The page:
Jany 31t 1833
Thank you, my dear Talbot,
for taking such interest in Irish rebels like Rorie Ogie & myself. I shall be very glad of the book, which I have never seen, though I do know something of Rorie.<1>
Would it be bearing too hard upon your franking powers to-day to ask for three covers,<2> directed Messrs Davison, Lombard St. Whitefriars, London, and made postable at Devizes, not Chippenham.<3> I mean to parody, in your favour, the verses “Come, thou Goddess &c. <4> and make it
Come, thou Member, frank & free.
Ever yours faithfully
Henry Talbot Esqre
1. The unidentified book must have been offered in a now unknown letter. Otherwise known as Rory Og. In 1570, Sir John Harington of Kelston, described by Queen Elizabeth as her "saucy poet, my godson," had been sent to pacify Ireland. Defeated by Philim McPheogh, the poet explained "my cousin Sir Henry Harington, in a treacherous parley with Rorie Ogie, a notable rebel, was taken and conveyed to his habitation a prisoner." Sir John Harington, Nugæ Antiquæ, Being a Miscellaneous Collection of Original Papers in Prose and Verse (London: J. Wright, 1804), v. 1, p. 267.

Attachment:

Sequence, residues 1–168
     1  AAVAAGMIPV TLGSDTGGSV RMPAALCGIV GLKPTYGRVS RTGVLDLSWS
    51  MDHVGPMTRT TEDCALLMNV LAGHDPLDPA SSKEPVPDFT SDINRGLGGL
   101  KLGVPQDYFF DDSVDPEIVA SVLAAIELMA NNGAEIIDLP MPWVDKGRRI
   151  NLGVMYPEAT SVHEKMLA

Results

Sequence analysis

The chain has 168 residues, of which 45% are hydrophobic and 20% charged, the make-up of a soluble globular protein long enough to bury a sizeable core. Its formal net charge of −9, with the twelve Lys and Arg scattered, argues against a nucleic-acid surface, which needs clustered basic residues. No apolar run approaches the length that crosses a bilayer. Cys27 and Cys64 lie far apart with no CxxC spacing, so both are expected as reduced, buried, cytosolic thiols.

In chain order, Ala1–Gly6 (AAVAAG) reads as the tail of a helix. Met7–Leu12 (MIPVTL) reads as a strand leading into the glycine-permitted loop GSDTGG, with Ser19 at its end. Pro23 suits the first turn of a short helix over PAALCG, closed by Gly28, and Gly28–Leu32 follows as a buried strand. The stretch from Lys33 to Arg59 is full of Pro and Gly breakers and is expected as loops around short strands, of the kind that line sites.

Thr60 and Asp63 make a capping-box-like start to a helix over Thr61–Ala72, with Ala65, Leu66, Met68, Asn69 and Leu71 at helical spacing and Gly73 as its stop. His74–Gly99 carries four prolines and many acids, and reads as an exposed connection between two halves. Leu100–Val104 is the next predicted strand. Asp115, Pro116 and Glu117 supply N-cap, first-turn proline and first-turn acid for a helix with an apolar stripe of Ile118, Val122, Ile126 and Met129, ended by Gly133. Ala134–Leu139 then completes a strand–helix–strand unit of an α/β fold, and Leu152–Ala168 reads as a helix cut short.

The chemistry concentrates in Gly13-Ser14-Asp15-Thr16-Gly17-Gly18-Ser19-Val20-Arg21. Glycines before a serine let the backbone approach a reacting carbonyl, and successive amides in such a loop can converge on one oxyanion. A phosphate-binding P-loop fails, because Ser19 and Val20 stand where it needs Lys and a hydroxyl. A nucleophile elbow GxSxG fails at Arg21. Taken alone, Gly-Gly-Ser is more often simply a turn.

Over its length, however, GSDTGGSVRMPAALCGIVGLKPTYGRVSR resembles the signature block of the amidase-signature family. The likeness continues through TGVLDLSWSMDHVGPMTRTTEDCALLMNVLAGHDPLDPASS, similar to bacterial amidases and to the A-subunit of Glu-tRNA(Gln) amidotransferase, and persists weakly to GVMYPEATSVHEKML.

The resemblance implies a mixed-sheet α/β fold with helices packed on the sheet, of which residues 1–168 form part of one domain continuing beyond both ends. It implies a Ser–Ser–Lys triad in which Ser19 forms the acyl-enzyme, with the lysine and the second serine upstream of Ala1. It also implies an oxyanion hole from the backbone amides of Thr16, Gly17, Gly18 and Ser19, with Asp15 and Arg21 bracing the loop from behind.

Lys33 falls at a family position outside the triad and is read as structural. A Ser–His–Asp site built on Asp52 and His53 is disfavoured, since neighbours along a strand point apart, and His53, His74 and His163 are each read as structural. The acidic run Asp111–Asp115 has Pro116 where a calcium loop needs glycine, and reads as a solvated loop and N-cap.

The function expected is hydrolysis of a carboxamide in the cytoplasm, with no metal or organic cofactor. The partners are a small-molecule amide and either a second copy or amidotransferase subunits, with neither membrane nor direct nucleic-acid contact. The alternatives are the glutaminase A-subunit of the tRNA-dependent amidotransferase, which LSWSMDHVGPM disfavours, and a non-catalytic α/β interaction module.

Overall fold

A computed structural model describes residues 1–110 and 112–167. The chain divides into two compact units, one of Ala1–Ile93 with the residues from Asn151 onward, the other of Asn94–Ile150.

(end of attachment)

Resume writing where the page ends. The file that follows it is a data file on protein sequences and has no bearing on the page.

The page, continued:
2. As an MP, WHFT had franking privileges and was entitled to free postage. Members commonly gave signed covers or envelopes to friends. At the time, the recipient paid for postage (to ensure that the letter was delivered). This arrangement was withdrawn in January 1840 with the introduction of the Penny Post, which instituted uniform costs and pre-paid stamps.
3. The printing firm founded by Thomas Davison (1765-1830), who printed works by Thomas Moore and Byron. Davison and Moore had dealings in the years immediately preceding the printer’s death. Devizes and Chippenham were towns near Lacock and near Moore's home.
4. (no closing quotes) From Milton's Allegro: Come, thou goddess fair and free / In Heaven yclep’d Euphrosyne.